Re: Branch prediction
20 May 2000 13:20:51 -0400

          From comp.compilers

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Newsgroups: comp.compilers
Date: 20 May 2000 13:20:51 -0400
Organization: Mailgate.ORG Server - http://www.Mailgate.ORG
Keywords: architecture, optimize
Mail-From: at []

>There are two sides to the branch prediction story: static
>(compile-time) prediction and dynamic prediction done by the

The x86 does not allow AFAIK static prediction. The PPC does.

>that). Of course, this means that your predictor should be really
>smart: these CPUs expect prediction accuracy well into the 90% range.

The scheme used by P6s and on (maybe Pentium MMX too? I don't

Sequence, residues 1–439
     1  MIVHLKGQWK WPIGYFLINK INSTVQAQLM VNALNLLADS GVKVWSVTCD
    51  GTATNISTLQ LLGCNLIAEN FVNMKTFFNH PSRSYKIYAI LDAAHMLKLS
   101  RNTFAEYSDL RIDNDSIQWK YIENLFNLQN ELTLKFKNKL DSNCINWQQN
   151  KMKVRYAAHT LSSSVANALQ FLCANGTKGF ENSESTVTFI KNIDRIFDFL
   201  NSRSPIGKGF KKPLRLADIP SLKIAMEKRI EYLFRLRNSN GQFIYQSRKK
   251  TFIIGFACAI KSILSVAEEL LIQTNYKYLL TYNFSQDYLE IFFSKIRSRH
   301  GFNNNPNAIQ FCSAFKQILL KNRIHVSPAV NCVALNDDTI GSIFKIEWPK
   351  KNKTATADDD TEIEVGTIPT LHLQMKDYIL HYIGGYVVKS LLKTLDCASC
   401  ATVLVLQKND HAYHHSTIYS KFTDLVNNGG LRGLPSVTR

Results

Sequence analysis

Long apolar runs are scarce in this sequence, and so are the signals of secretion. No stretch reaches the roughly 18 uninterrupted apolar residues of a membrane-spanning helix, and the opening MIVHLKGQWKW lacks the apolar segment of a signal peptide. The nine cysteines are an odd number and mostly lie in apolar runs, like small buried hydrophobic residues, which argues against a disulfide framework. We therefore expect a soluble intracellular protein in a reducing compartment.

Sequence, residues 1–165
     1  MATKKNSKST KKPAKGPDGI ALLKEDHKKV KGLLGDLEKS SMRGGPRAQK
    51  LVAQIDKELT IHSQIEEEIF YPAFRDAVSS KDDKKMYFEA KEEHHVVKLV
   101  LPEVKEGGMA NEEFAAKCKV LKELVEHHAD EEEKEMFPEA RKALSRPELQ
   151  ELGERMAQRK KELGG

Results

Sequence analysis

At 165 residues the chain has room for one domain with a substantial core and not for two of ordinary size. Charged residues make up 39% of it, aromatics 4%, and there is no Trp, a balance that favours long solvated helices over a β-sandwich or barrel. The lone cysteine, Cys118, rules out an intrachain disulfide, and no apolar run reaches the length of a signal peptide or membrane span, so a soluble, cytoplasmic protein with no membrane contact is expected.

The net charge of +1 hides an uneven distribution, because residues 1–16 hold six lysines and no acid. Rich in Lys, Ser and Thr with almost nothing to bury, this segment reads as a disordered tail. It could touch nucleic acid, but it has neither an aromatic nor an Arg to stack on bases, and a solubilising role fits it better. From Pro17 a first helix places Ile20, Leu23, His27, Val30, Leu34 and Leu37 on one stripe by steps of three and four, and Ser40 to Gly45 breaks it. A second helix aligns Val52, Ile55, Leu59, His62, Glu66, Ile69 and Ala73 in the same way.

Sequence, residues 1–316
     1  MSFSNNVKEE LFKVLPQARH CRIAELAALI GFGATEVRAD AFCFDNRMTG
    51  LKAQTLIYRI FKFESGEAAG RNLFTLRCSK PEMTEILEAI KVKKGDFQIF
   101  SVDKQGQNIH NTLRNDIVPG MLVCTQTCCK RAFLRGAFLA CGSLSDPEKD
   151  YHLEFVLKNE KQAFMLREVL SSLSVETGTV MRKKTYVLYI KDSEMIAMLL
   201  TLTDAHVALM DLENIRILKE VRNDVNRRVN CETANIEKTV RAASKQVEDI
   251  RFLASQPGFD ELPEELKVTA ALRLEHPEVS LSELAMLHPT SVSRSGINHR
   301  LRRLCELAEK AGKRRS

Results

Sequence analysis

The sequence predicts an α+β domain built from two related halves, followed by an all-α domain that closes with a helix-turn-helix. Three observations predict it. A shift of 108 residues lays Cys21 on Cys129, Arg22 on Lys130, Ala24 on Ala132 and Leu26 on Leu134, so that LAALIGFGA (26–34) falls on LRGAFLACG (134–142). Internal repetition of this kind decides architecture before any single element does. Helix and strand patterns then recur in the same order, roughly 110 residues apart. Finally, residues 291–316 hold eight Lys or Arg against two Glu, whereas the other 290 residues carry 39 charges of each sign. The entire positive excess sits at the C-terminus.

remember) is exceptionally smart. It works by bucketing jumps into 16
bins, according to a taken/not-taken bit pattern. E.g. bin 13 (1101)
means Taken, Taken, Not-Taken, Taken; it is actually able to guess all
pattern with periods up to six, a few longer patterns (up to 16), and
even to learn irregularities.

There's a description of it in Agner Fog's Pentium and Pentium Pro
optimization paper (

There's a fundamental problem with every branch prediction system I
ran over. They do not work with indirect jump. Most processors
remember where the last jump landed, which might be decent for a lexer
but absolutely impractical for a bytecode interpreter; the solution
might be to tell the processor "hey, trust me, the jump is going to
land there" with a special instruction.

Paolo Bonzini

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